YMCA helps spread Christmas joy
By MIKE WILLIAMS
By Christmas, the YMCA of Pulaski County will have provided gifts to over 250 children in the county through its participation in this year’s U.S. Marine Corps Toys for Tots Program.
Locally this Christmas, according to YMCA Finance Director Holly Whipp, the YMCA along with the T.G. Howard Center and the Pulaski County Christmas Store participated in the Toys for Tots effort.
Whipp said Tuesday marked the fifth distribution day for the Y.
“We started distributing to families in early December. We had two sessions and it wiped us out. At that point we had served 210 kids. We had to shut down registrations and move everyone who had already signed up to distribution a week later,” Whipp said.
“Toys for Tots brought us some more stuff and at that point they were a little concerned because they felt like donations of toys were down. But after what they collected this past weekend, they said, ‘no, it was just a little delayed,’” she added.
This year, the Y adopted a point system to use to distribute toys to families.
“We adopted a point system this year – similar to the Christmas Store. We give the parents or grandparents 50 points per child and items are priced accordingly. If they want something big it’s a few more points, but we also give away enough free stuff that everyone gets out of here with a box and a bag,” Whipp explained.
“The items are broken down by age groups. Toys for Tots usually has those parameters set pretty well, so we just follow what they have set up.
“We’ve got infants and toddlers, 5- to 8-year-olds, etc. Toys for Tots goes up to 13 I think, but we’ve been able to get things donated that would go to kids even 15 or older,” Whipp added.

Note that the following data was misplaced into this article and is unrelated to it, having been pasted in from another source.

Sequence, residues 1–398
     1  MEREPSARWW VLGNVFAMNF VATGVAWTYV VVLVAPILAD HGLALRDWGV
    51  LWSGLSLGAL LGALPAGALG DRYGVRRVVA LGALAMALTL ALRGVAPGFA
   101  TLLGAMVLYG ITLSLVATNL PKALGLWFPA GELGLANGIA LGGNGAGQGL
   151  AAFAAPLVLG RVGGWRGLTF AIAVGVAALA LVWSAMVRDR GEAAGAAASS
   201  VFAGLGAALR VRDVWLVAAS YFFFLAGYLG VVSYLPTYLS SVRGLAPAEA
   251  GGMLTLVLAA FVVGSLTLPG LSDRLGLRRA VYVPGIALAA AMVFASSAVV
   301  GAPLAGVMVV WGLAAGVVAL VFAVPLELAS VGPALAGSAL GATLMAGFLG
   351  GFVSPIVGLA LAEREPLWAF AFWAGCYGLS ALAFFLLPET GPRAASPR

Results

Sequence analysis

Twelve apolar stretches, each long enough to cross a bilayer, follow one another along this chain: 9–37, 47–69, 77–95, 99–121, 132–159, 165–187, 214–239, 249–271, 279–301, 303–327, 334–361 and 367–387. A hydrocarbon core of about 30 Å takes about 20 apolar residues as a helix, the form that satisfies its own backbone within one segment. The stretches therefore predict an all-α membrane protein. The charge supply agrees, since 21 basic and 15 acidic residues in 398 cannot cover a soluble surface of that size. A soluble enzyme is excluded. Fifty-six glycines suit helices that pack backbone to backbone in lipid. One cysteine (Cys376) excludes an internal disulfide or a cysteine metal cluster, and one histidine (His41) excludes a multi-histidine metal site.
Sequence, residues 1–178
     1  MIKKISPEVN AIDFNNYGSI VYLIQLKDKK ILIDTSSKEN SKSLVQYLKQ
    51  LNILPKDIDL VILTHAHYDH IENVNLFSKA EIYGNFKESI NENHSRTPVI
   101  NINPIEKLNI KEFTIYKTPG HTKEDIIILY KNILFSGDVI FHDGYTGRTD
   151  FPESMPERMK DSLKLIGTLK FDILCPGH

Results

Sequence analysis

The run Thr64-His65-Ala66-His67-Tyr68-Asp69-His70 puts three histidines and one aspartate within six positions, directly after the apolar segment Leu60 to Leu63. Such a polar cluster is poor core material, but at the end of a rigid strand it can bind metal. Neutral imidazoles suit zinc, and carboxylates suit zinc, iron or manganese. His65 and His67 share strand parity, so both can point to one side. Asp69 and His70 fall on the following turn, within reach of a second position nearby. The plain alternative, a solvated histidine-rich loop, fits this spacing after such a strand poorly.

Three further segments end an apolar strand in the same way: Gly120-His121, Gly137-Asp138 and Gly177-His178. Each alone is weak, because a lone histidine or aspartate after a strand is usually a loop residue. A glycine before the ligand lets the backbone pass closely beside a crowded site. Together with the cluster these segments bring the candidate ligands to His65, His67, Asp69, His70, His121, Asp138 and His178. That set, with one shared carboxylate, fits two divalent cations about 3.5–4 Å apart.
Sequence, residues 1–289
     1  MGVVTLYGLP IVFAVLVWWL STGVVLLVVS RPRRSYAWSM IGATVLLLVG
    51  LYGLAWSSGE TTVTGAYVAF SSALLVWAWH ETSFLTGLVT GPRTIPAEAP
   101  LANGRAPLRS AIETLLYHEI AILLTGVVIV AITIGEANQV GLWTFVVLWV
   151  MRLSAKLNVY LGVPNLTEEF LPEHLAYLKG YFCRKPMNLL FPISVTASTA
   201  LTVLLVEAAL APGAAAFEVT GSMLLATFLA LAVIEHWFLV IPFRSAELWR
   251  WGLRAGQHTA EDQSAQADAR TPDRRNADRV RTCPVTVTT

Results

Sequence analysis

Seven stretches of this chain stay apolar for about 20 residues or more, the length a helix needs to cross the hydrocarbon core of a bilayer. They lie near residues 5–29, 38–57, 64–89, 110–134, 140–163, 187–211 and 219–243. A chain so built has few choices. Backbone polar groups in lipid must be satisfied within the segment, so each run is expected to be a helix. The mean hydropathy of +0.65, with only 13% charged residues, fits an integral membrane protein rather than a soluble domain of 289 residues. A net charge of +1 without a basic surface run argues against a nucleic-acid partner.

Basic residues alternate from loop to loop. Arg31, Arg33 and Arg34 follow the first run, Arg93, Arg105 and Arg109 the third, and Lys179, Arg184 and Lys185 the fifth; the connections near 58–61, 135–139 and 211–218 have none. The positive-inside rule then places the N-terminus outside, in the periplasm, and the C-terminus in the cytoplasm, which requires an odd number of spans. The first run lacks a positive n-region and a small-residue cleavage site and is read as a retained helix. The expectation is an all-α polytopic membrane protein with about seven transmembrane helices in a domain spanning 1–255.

She said while the Christmas Store focuses on parents and grandparents who have custody of kids, the Y has had its focus on the grandparents “because grandparents have the hardest time getting help during Christmas,” Whipp said.
“So, we’ve served a lot of grandparents. Probably I’d say two-thirds are grandparents compared to parents.”
Whipp said the Y this year is able to look at the Christmas Store list and compare the lists to make sure the two organizations aren’t crossing over and helping the same people, “so we were able to spread things out further.”
Whipp said she thought the Y’s distribution was about over before Toys for Tots delivered nine more boxes of items Monday.
“We had eight families on a waiting list so we called all of them yesterday and told them to come in today. We schedule people to ‘shop’ in 30-minute increments.”
She explained stocking stuffers are free as well as books, so points can be saved for toys.
“Honestly, with the amount of stocking stuffers we have this year we’re probably going to end up opening it up to people who want to come by and get a bag of stocking stuffers to do it. Once we know we have served all of those who have signed up.”
All items came from the Toys for Tots effort. Whipp said some toys came directly to the YMCA into the Toys for Tots boxes they have, but the bulk of the items came from around the NRV. Some, she said, even some came in on a truck that was from outside the valley.
Whipp had praise for the YMCA’s staff who she said had all chipped in to help the toy distribution be a success, especially Brenda Butler.
“She is one of our key staff in making this a big success. She has come in and worked almost every day we’ve done the toy distribution,” Whipp said.
“It’s fulfilling,” Butler remarked with a smile. “It’s a good thing for me,” she added. Butler works in member services at the YMCA and as gym supervisor.
“We appreciate the faith and confidence Toys for Tots had in us to be a distribution site. There are a lot of people who have stepped up to make this happen, including Holly and Brenda,” said David Adkins, CEO of the YMCA of Pulaski County.
“It’s really been a whole-Y project,” said Whipp. “Everybody here has spent a lot of time working and organizing and helping.”